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2:07 PM | Thank You Doctor Salk! (and Drs Enders, Bodian, Landsteiner, Sabin…)
Today’s Google Doodle honours Dr Jonas Salk, who in 1954 created the world’s first effective polio vaccine, which was responsible for launching a campaign that has seen this terrible disease become an increasingly distant memory in most  – though sadly … Continue reading →
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10:40 AM | Empowering UK Universities to Support Their Researchers
The Wellcome Trust has a wide range of funding schemes for researchers and institutions, but we’re also keen to allow universities to define their own priorities and ensure that they are able to support their researchers in a timely manner. The Wellcome Trust’s Institutional Strategic Support Fund (ISSF) is there to do just that, and […]
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10:19 AM | Get our amazing free ebooks
223 amazing science facts, tidbits and quotes
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4:11 AM | Why I’m voting no on the Wisconsin transportation referendum
All attention is focused on Mary Burke and Scott Walker, so I didn’t even realize there’s a state ballot proposition in next week’s election.  And it’s not a trivial one, either. Question 1: “Creation of a Transportation Fund. Shall section 9 (2) of article IV and section 11 of article VIII of the constitution be created […]
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2:41 AM | Investigator’s scientific sea trials are about to begin!
Originally posted on Investigator @ CSIRO:Since Investigator arrived in Hobart in early September we’ve been really busy fitting out $6.7 million worth of scientific equipment, from one end of the ship to the other. Now it’s time to go out for scientific sea trials on the new Marine National Facility research vessel, Investigator, to check…
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2:27 AM | NEW VIDEO! Ebola: The Full Story In this week’s It’s Okay To Be...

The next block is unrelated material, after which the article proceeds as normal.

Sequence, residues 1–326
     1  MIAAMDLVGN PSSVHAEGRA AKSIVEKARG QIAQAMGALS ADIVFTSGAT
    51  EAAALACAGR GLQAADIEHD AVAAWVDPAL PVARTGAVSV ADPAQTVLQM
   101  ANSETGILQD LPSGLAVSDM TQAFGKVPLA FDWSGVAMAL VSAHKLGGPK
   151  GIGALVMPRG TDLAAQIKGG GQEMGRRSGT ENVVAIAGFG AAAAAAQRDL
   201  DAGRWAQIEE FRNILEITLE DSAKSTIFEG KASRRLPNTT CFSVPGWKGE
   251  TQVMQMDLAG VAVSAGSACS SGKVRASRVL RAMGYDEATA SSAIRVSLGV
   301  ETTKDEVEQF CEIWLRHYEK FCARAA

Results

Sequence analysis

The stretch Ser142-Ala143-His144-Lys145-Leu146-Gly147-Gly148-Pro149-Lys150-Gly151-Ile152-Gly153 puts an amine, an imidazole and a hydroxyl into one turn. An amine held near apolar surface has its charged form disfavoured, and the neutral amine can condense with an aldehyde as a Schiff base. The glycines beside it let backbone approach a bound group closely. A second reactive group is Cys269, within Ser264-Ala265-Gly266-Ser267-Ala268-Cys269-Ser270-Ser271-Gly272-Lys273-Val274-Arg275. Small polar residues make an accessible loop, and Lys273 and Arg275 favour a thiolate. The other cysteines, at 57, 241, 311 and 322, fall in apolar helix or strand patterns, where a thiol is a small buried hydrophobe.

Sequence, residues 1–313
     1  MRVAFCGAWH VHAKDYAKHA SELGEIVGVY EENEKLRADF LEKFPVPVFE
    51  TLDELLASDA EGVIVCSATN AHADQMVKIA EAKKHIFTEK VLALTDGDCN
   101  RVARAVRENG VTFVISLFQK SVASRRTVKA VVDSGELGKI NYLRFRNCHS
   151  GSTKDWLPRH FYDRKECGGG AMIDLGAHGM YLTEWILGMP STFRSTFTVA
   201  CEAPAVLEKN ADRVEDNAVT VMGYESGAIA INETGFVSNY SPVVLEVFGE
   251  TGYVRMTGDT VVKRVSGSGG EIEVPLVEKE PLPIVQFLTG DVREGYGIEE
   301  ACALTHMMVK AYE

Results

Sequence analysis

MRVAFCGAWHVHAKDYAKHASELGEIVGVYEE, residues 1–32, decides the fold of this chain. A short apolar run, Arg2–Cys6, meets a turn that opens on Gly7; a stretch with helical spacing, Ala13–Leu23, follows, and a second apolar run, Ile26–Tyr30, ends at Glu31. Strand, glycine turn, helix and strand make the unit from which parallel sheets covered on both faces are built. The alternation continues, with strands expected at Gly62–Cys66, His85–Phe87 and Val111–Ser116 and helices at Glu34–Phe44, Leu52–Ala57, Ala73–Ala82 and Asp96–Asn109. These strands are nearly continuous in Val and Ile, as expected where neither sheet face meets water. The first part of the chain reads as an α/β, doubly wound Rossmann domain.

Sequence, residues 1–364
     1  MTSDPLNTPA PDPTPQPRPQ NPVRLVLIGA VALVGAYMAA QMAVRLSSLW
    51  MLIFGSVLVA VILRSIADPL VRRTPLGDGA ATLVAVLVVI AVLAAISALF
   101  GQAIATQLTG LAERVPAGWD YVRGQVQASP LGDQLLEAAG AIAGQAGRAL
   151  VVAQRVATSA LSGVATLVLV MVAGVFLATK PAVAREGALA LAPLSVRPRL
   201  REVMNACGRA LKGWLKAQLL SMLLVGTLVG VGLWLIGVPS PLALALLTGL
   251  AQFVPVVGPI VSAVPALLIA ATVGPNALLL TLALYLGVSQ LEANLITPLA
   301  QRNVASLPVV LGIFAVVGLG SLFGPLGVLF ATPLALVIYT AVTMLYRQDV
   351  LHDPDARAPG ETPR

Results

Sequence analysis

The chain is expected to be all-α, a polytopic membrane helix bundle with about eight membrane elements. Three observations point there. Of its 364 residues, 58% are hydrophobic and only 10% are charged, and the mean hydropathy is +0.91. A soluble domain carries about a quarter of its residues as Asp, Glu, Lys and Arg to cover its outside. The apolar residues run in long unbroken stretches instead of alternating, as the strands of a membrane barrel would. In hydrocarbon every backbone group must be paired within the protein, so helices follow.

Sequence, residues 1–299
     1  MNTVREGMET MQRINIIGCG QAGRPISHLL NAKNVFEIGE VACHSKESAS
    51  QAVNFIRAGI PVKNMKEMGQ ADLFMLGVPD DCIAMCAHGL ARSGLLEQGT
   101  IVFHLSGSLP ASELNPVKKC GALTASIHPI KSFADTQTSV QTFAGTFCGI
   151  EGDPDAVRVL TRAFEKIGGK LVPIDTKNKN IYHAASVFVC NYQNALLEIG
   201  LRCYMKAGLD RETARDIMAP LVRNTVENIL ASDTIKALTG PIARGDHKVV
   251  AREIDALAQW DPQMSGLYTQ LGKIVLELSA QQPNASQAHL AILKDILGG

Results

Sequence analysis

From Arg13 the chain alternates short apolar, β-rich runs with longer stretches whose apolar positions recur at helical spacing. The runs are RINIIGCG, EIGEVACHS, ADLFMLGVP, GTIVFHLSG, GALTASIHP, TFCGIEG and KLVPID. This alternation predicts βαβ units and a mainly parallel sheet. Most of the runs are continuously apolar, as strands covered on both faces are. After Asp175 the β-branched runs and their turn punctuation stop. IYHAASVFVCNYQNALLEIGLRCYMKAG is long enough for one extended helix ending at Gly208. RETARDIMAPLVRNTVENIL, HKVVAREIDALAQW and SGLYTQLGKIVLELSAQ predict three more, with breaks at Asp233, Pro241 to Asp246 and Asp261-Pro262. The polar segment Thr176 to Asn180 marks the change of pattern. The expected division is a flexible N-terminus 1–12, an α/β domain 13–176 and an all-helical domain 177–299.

NEW VIDEO! Ebola: The Full Story In this week’s It’s Okay To Be Smart, I take an in-depth look at the Ebola virus: What we know, what we don’t know, where it came from, and why it’s having such a devastating impact on West Africa.  There’s a lot of misinformation out there (everybody has that uncle, right?), and that’s helping rumors and panic spread even faster than the virus. We need to put a stop to the former before we can stop the […]
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12:15 AM | New research centre set to secure food for the future
A research centre exploring new technologies for improving crop yields to secure food supply has been launched at the Research School of Biology. The Australian Research Council (ARC) Centre of Excellence (CoE) for Translational Photosynthesis seeks to increase yields of […]test The post New research centre set to secure food for the future appeared first on Australian Science.

October 27, 2014

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8:30 PM | NEW VIDEO! Ebola: The Full Story In this week’s It’s...
NEW VIDEO! Ebola: The Full Story In this week’s It’s Okay To Be Smart, I take an in-depth look at the Ebola virus: What we know, what we don’t know, where it came from, and why it’s having such a devastating impact on West Africa.  There’s a lot of misinformation out there (everybody has that uncle, right?), and that’s helping rumors and panic spread even faster than the virus. We need to put a stop to the former before we can stop the […]
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8:27 PM | Rebooting Computing
How to beat the end of Moore’s Law Elie Track and Tom Conte were co-chairs of the recently-held Third IEEE workshop on Rebooting Computing. Tom is a computer architect at Georgia Tech. A year ago he became the 2014 President-Elect of the IEEE Computer Society, which according to both the press release and Conte’s Wikipedia […]
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7:37 PM | Research Shows Synapses are Always Ready to Go
The inner workings of the brain are quick, but really they have to be. Neurons need to be able to rapidly propagate information in their interior via electrical signals and […]

Imig, C., Min, S., Krinner, S., Arancillo, M., Rosenmund, C., Südhof, T., Rhee, J., Brose, N. & Cooper, B. (2014). The Morphological and Molecular Nature of Synaptic Vesicle Priming at Presynaptic Active Zones, Neuron, 84 (2) 416-431. DOI: 10.1016/j.neuron.2014.10.009

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1:03 PM | ‘Bionic Eye’ Allows Some Blind People to See Light
A California woman recently became the first person in the West to receive a new type of bionic eye, an implant that will help her see for the first time in nearly three decades.